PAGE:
LOS ANGELES — At a weekend conference for online video, one might expect cute puppies or unlucky skateboarders to be in attendance. Perhaps a "Twilight" cast member or Rebecca Black would be there?
Yet none of the above is present, though one panel — "I Got This, You Got This, Now You Know It" — is named after a lyric from Black's viral music video sensation "Friday."
The attendees at the second annual VidCon, which runs through Sunday at a Century City hotel, are decidedly more aspirational than accidental. They are sketch comedians, musicians, make-up artists, animators, acrobats and other creative-types seeking to build their online followings and meet like-minded online video creators.
More than 2,400 attendees are expected to attend — and record — sessions on such topics as how to create special effects on the cheap and how to juggle a job and passion for crafting online video. Online video luminaries like "Annoying Orange" creator Dane Boedigheimer and singing sensation Jimmy Wong will be among the speakers.
"YouTube really is a cult of personalities," said Ben Relles, the mastermind behind the "Obama Girl" viral video who now works at YouTube developing online video talent. "As you'll see this weekend, people who have big-time personalities and are able to rally fanbases around them tend to do really well on the platform. It's a really social platform."
During a Thursday panel about growing audiences, Relles advised creators to be consistent, trim what's unnecessary and pay attention to the first 15 seconds of their videos. He said the algorithm that YouTube uses to promote videos measures how long viewers actually watch them. If watchers don't make it past the first 20 seconds, it's as if they didn't click on it.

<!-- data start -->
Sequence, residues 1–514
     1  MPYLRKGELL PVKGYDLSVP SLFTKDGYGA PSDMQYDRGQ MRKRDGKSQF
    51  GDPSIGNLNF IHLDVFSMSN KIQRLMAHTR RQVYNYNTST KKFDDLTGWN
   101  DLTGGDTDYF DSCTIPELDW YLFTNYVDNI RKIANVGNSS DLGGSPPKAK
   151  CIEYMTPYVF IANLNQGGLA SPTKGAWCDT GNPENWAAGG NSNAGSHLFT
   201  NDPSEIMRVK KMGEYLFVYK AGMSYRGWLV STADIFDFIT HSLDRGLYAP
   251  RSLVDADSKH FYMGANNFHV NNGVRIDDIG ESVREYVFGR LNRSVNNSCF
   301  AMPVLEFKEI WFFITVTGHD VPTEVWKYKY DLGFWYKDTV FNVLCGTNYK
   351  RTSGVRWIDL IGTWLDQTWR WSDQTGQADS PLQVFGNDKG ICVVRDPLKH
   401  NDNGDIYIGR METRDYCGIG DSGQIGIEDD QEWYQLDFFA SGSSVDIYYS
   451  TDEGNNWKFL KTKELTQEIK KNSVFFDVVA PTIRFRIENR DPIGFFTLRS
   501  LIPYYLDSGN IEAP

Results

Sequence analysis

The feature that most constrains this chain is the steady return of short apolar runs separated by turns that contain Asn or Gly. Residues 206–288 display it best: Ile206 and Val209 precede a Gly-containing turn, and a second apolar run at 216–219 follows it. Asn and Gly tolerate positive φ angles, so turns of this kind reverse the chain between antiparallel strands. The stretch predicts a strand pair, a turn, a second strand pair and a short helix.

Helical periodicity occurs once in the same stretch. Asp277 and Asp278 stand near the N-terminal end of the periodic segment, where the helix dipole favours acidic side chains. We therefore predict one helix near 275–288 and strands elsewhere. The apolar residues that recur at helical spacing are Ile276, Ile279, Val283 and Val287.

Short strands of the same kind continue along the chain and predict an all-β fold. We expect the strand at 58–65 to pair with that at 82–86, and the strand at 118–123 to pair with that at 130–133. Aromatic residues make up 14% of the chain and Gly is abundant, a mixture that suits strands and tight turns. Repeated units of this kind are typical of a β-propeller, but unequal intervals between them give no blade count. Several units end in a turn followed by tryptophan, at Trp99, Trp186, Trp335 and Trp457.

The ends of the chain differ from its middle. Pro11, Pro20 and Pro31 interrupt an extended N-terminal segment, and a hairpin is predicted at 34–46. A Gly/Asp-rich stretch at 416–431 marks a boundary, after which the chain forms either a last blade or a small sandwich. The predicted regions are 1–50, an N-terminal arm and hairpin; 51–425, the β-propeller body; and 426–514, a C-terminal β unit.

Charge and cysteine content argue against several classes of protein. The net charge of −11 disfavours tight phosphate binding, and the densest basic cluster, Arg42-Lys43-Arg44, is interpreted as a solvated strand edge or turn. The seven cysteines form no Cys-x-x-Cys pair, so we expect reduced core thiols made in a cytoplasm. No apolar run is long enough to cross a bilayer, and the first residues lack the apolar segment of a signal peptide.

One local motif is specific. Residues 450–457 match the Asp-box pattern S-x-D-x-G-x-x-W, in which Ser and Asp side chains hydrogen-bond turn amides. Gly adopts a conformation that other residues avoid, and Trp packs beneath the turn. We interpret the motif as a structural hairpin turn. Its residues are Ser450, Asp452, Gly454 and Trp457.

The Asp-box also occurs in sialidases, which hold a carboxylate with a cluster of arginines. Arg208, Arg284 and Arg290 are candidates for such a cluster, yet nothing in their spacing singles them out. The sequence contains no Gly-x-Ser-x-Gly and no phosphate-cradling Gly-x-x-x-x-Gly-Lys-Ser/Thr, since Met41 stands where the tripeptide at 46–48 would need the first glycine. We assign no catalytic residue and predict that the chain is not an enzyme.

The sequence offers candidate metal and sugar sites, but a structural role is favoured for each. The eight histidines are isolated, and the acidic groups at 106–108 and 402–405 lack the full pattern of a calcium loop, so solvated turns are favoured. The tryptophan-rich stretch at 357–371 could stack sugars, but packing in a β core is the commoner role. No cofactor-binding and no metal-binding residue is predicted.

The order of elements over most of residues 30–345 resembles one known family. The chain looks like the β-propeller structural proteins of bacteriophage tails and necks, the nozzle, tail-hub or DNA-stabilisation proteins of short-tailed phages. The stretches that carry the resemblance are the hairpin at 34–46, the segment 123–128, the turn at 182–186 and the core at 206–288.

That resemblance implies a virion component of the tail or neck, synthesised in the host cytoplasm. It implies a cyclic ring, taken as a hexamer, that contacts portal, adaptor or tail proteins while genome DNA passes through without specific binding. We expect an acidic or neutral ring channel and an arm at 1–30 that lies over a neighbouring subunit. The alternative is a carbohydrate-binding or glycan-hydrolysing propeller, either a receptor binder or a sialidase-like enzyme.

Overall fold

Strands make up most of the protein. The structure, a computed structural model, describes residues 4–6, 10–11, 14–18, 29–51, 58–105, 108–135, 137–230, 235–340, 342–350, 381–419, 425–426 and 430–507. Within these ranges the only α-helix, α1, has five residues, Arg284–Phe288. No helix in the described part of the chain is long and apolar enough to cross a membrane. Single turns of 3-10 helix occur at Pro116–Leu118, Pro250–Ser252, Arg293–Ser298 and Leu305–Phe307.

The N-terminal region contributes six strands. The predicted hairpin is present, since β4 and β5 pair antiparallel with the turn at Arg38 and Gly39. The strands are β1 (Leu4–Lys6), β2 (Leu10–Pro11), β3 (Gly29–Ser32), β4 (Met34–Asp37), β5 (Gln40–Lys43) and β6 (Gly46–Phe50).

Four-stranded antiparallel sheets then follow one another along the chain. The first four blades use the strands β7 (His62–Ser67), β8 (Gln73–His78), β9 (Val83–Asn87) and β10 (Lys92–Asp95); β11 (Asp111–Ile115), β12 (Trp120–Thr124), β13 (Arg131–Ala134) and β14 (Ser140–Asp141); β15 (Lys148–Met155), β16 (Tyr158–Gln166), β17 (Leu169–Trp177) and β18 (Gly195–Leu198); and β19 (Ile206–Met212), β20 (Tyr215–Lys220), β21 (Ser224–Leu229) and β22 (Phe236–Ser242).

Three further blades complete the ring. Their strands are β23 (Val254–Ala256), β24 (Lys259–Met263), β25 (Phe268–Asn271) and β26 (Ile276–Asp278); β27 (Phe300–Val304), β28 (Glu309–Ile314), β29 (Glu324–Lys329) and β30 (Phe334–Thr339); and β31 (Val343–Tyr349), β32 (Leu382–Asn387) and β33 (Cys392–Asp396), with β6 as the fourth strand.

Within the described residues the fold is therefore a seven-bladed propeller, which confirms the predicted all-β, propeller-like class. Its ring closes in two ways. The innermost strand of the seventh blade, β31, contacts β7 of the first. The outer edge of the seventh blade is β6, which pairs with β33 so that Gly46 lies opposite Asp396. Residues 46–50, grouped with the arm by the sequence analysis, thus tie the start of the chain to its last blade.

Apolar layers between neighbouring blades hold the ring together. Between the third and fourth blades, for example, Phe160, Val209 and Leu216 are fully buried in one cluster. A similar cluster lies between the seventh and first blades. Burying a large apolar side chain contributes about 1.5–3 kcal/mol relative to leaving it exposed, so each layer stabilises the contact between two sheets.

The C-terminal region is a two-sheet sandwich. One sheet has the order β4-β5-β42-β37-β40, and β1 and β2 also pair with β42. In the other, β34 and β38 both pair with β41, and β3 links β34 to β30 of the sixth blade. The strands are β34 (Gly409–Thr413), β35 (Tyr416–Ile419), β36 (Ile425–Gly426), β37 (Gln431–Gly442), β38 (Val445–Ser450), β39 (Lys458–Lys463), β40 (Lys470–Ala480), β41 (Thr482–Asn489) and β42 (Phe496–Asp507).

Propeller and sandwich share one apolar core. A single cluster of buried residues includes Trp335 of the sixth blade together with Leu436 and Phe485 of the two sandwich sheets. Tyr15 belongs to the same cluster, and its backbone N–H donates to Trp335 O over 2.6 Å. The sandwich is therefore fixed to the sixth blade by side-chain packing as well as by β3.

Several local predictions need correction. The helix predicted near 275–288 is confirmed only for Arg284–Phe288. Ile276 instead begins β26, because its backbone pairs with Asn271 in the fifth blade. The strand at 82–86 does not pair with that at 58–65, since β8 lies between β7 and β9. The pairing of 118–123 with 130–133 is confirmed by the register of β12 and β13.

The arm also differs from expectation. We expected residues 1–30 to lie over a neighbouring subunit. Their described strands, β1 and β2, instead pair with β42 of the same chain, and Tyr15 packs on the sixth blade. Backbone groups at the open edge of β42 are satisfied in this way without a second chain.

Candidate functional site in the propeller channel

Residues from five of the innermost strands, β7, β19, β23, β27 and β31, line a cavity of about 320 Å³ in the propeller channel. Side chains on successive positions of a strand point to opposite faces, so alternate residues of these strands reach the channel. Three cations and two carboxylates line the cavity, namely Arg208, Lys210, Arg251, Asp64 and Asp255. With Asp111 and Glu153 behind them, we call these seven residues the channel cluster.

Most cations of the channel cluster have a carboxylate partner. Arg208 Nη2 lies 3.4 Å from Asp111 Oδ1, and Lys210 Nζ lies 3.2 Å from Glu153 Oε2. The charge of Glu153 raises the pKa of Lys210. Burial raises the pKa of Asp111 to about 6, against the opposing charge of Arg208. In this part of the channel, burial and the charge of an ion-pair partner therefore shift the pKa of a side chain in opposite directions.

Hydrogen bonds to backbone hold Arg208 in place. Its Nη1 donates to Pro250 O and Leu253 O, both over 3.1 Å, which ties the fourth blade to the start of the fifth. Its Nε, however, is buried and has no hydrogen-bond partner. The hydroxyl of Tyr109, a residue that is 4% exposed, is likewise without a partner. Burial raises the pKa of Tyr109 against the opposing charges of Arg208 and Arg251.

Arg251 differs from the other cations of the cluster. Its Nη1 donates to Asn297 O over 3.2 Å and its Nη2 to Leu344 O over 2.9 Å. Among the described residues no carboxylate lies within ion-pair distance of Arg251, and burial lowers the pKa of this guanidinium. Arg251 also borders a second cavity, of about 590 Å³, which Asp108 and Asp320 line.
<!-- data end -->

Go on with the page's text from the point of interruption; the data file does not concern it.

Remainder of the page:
In recent years, thousands of amateurs have gone pro on YouTube, transforming their part-time hobbies into full-fledged careers by becoming one of the Google Inc.-owned company's "partners," a group of uploaders with whom YouTube shares advertising revenue. Despite the popularity of online video, many creators still want mainstream success.
Ryan Pino, a 21-year-old college student from Long Beach, Calif., who posts videos of himself playing and teaching guitar on the "pinoguy321" channel, came to VidCon looking to meet future collaborators. His goal with his YouTube channel is to reach 100,000 subscribers. He currently has just over 5,000 followers. Ultimately, he wants to sell his own tunes.
"YouTube is great, but it's definitely not the endgame," said Pino. "The endgame is playing shows and touring."
Rhett McLaughlin and Link Neal, pioneers of the online video realm with a series of silly creations, crossed over from YouTube to IFC this year with "Rhett & Link: Commercial Kings," a half-hour series documenting the duo as they produce over-the-top local commercials. Neal doesn't think of online videomaking as just another way to break into Hollywood.
"We want to have a hand in all genres," said Neal, "even writing books."
With the proliferation of online video beyond computers on devices like smartphones and TVs, attendees of the sold-out conference — including organizers John and Hank Green, known online as the Vlogbrothers — think there's room for growth, including for VidCon itself.
While it's not quite another Comic-Con just yet, next year's VidCon is expanding from a modest hotel to a larger venue: the Anaheim Convention Center.
Derrik J. Lang can be reached at http://www.twitter.com/derrikjlang/.